It would be a delight to get "lost" in Spain, wandering about at your leisure, discovering unspoiled villages off the beaten path. But few of us have such a generous amount of time in the fast-paced 21st century. Vacations are getting shorter, and a "lean-and-mean" schedule is called for if you want to experience the best of any country in a ridiculously short amount of time.
If you're pressed for time, with only 1 week for the country, check out our "Spain in 1 Week" trip, or "Spain in 2 Weeks" if you have more time. If you've been to Spain before, especially Madrid or Barcelona, you may want to skip either of these cities, using them as gateways, and hop down to Andalusia to explore the single-most intriguing region in all of Spain. Families might want to consider the family-fun tour, with more focus on sights that appeal to kids.
Spain is so vast and so treasure-filled that it's hard to resist the temptation to pack in too much in too short a time. It's a challenging, daunting destination, and you can't even skim the surface in 1 or 2 weeks -- so just go for the nuggets, such towering attractions as Madrid, Barcelona, Toledo, and Seville.
Spain ranks with Germany and France in offering Europe's best-maintained superhighways. It also boasts one of the fastest and most efficient public transportation systems in the world, especially its national rail system. Madrid stands at the hub of a vast transportation empire, with many once-remote cities now within easy reach of the capital -- for example, Córdoba in 1 1/2 hours or Seville in 2 1/2 hours.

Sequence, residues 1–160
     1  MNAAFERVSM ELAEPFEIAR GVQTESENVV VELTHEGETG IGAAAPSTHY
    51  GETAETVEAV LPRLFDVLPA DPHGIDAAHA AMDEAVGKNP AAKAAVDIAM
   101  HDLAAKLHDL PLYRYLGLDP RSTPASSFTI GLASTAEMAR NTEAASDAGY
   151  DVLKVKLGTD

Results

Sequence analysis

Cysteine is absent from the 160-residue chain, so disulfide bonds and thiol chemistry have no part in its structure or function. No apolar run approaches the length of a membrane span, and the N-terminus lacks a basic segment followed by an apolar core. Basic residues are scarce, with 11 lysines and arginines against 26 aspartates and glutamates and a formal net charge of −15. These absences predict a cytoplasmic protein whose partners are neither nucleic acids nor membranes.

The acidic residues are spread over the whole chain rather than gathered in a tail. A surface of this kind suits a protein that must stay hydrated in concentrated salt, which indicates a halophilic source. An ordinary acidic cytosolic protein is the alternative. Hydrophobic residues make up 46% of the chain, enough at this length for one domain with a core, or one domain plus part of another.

Our itineraries take you to some major attractions and charming towns. The pace may be a bit breathless, so skip a town or sight occasionally to have chill-out time -- after all, you're on vacation. You can also peruse our review of the best of Spain (in the Introduction) to find out what experiences or sights appeal to you and adjust the itineraries to suit your own interests.
Plan on using various kinds of transportation. Because Spain is big, it’s worth covering long distances either by plane or high-speed train. Bear in mind that it may be faster to take a train from Madrid to Barcelona or Sevilla than to go to the airport and wait to get through security; and you’ll arrive in the city center. In practice, you may end up using trains, planes, buses, and rental cars for maximum convenience and efficiency.
Note: This information was accurate when it was published, but can change without notice. Please be sure to confirm all rates and details directly with the companies in question before planning your trip.